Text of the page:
The Roar of Rage: Why Violent Movies Like “Animal” and “Kabir Singh” Resonate in India

Shaurya Sharma
3 min readJan 17, 2024

Movies like “Animal” and “Kabir Singh” have ignited India’s cinematic landscape with their explosive, often grotesque displays of violence. While critics decry their misogyny and toxic masculinity, audiences flock to the theaters, turning these films into box-office behemoths. Unpacking this apparent dichotomy requires delving into the complex tapestry of India’s social and economic realities.

Frustrations of a Changing Landscape:

Rapid modernization has left many Indians grappling with a shifting cultural identity. Traditional social structures are challenged by urban individualism, creating a sense of anomie and displacement. Young men, particularly from affluent backgrounds, may feel trapped between the expectations of their families and the allure of a modern, often hyper-competitive world. Films like “Animal” and “Kabir Singh” tap into this simmering frustration, offering protagonists who channel their anxieties into unrestrained aggression. Their outbursts, though morally reprehensible, become a vicarious release for audiences wrestling with similar internal demons.

Hyper-Masculinity as a Coping Mechanism:

Traditional Indian society emphasizes male dominance and emotional stoicism. Movies like “Kabir Singh” amplify these traits, portraying the protagonist’s violent possessiveness as a twisted expression of love. While undoubtedly problematic, this hyper-masculine persona resonates with some men struggling to navigate complex emotional landscapes. The film offers a distorted sense of control and power, a temporary escape from the vulnerabilities of modern life.

Escapism and Catharsis in the Dark:

The darkness of the cinema becomes a safe space for confronting uncomfortable truths. Movies like “Animal” and “Kabir Singh” don’t shy away from violence’s brutal consequences. This unfiltered portrayal can function as a stark cautionary tale, albeit through a lens of excess. Witnessing these characters’ downfall can provide a sense of catharsis, allowing audiences to grapple with their own darker emotions without confronting them in their own lives.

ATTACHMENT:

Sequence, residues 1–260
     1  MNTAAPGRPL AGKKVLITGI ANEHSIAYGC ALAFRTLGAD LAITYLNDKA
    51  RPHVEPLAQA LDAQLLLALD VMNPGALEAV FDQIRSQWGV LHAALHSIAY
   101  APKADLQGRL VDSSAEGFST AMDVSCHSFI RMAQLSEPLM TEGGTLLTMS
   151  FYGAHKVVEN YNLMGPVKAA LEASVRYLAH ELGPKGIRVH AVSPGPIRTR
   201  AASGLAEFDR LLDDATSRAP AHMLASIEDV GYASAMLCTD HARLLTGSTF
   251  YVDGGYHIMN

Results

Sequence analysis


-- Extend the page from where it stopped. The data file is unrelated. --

A Societal Blind Spot:

However, the popularity of these films also exposes a worrying blind spot in Indian society. The glorification of violence, the normalization of misogyny, and the absence of nuanced portrayals of masculinity raise legitimate concerns about their potential impact on real-world behavior. These films risk perpetuating harmful stereotypes and shaping unhealthy relationship dynamics, particularly for young and impressionable viewers.

Moving Beyond the Roar:

Engaging in critical dialogue about these films is crucial. Critics and audiences alike must challenge the narratives they present, exploring the deeper socio-economic factors that fuel their appeal. Filmmakers have a responsibility to portray violence within its real-world consequences, offering alternative narratives of masculinity and exploring healthier conflict resolution methods. Ultimately, striking a balance between artistic expression and responsible storytelling is key to ensuring that the roar of rage on screen doesn’t translate into dangerous echoes in real life.



Shaurya Sharma

Pop culture whiz. Social Media junkie. Web guru. Unapologetic Trash TV connoisseur. I write more than I read. Talk to me about all things Tech.